Source: Medscape News Today
When head and neck cancer recurs and surgery is not an option, reirradiation provides the only potentially curative option. However, because the tumor often recurs in the same place or very close to tissue that has already been irradiated, this treatment approach represents a “significant challenge.”
For this reason, it should be handled at a tertiary-care center, according to a new guideline issued by the American College of Radiology. Specifically, it stipulates that the tertiary center should have a head and neck oncology team that is equipped with the resources and the experience to manage the complexities and toxicities of retreatment.
In the guideline, published in the International Journal of Radiation Oncology, Biology and Physics, a panel of experts outline appropriateness criteria for various clinical scenarios that arise with such patients.
It provides a consensus on how patients should be managed.
“This is an important document because it is the first set of guidelines for the potentially curative treatment of patients who have regrowth of head and neck tumors. It provides a consensus on how patients should be managed,” coauthor Madhur Kumar Garg, MD, said in a statement. Dr. Garg is from the Department of Radiation Oncology at Montefiore Medical Center, in the Bronx, New York, where about a dozen reirradiation procedures are performed annually.
Commitment to Retreatment
Retreatment is justified because clinical trial results have shown that local treatment improves overall survival, the panel of experts notes.
However, they emphasize that, before a commitment to retreatment is made, patients presenting with recurrent or second primary tumors need to undergo careful restaging evaluation. In addition to computed tomography (CT) or magnetic resonance imaging to evaluate the extent of the recurrent tumor, the panel urges that strong consideration be given to positron emission tomography with CT to evaluate for metastatic disease, or “at a minimum, a CT scan of the chest should be performed.”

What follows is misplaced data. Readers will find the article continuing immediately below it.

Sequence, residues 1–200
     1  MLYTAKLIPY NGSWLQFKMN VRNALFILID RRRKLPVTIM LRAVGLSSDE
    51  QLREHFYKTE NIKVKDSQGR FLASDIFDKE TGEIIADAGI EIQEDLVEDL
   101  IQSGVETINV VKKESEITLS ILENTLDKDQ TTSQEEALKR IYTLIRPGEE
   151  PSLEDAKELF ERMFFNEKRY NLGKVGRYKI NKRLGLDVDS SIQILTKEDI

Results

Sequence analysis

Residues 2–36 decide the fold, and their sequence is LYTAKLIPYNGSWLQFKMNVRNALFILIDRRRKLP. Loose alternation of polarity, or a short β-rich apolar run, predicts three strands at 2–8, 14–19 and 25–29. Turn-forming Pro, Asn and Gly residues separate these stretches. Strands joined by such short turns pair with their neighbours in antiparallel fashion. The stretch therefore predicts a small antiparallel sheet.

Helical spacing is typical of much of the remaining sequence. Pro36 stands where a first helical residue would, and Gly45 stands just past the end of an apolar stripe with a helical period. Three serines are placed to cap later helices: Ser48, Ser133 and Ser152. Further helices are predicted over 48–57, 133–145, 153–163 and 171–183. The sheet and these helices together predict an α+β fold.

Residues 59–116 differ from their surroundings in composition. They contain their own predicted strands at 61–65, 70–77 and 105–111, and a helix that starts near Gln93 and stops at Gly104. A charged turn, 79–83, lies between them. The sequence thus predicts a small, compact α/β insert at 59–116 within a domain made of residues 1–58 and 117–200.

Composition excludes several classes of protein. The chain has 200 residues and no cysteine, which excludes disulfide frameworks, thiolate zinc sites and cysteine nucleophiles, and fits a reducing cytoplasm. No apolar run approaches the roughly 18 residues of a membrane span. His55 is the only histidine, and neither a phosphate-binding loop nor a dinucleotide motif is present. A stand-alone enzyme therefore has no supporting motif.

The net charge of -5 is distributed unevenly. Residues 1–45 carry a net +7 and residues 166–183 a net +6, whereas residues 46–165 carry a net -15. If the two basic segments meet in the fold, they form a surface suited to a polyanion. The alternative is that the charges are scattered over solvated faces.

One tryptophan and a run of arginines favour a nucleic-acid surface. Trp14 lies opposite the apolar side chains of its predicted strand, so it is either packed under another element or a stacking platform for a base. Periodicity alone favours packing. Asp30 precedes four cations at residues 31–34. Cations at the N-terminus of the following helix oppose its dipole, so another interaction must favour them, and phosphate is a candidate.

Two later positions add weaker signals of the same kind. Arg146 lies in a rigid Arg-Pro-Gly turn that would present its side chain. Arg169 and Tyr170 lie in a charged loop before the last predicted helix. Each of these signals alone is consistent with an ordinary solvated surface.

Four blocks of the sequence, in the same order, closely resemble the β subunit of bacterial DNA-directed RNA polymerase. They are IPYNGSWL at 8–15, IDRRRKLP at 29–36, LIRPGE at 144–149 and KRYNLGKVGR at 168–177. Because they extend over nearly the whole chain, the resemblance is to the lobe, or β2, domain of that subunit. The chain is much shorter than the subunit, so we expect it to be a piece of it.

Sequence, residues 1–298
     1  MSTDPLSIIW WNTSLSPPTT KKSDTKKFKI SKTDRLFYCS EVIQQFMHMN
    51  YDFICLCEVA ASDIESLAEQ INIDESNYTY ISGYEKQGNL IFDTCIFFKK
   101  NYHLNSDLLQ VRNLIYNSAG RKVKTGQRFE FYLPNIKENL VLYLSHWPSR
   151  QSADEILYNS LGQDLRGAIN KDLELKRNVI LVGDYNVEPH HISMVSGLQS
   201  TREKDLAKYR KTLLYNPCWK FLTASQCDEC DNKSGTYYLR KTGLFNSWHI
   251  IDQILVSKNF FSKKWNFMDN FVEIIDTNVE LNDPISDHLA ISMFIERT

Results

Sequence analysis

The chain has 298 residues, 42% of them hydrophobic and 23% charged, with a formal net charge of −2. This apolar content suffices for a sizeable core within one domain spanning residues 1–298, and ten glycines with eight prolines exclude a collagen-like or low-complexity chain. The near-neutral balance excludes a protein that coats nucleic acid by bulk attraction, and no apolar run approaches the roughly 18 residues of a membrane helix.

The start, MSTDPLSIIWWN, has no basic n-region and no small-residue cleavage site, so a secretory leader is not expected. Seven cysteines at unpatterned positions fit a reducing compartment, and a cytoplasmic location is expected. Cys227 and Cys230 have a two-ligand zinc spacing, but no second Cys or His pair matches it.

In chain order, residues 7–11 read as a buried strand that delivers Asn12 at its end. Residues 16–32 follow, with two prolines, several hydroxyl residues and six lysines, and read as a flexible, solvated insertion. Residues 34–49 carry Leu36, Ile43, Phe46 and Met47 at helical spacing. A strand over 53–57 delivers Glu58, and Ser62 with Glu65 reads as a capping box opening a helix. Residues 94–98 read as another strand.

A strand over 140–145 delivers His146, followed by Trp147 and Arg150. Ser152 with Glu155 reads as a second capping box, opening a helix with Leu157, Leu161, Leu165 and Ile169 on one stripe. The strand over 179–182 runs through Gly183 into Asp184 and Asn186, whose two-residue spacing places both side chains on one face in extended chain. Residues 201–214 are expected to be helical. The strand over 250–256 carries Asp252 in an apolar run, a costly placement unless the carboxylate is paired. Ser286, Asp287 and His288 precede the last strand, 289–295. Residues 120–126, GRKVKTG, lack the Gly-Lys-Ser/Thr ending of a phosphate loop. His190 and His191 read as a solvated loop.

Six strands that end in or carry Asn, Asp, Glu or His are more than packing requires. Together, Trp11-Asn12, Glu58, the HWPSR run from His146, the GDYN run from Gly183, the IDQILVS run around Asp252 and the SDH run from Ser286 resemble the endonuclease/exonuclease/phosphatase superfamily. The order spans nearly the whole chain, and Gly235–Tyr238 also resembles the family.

In addition, a detailed history and assessment is needed, which includes documentation of the sequelae of previous treatment, such as fibrosis, carotid stenosis, dysphagia, xerostomia, and osteoradionecrosis.
Retreatment options include surgical resection and palliative chemotherapy — both are regarded as standard of care, the panel writes. But for patients with unresectable disease, reirradiation is the “only potentially curative treatment,” they add.
Two phase 2 clinical trials conducted by the Radiation Therapy Oncology Group (RTOG) have shown survival outcomes with reirradiation plus chemotherapy that appear to be superior to those seen with chemotherapy alone in other studies. However, “whether this apparent improvement is the result of selection bias is uncertain,” the panel explains. A larger phase 3 comparing reirradiation plus chemotherapy with chemotherapy alone was closed because of poor accrual.
In terms of the dose of radiation delivered in the second treatment course, it appears that at least 50 to 60 Gy is needed, the experts report. Both of the phase 2 studies conducted by the RTOG delivered a total dose of 60 Gy, using an accelerated hyperfractionated regimen delivering 1.4 Gy twice daily in 4 week-on/week-off cycles. Multiple single-institution reports of reirradiation have used once-daily standard fractionation in a planned continuous treatment course with less toxicity, they note. However, differences in study designs and in the chemotherapy regimens make it difficult to discern what independent effect, if any, differences in radiation fractionation had on the toxicity that was seen.
This news story was resourced by the Oral Cancer Foundation, and vetted for appropriateness and accuracy.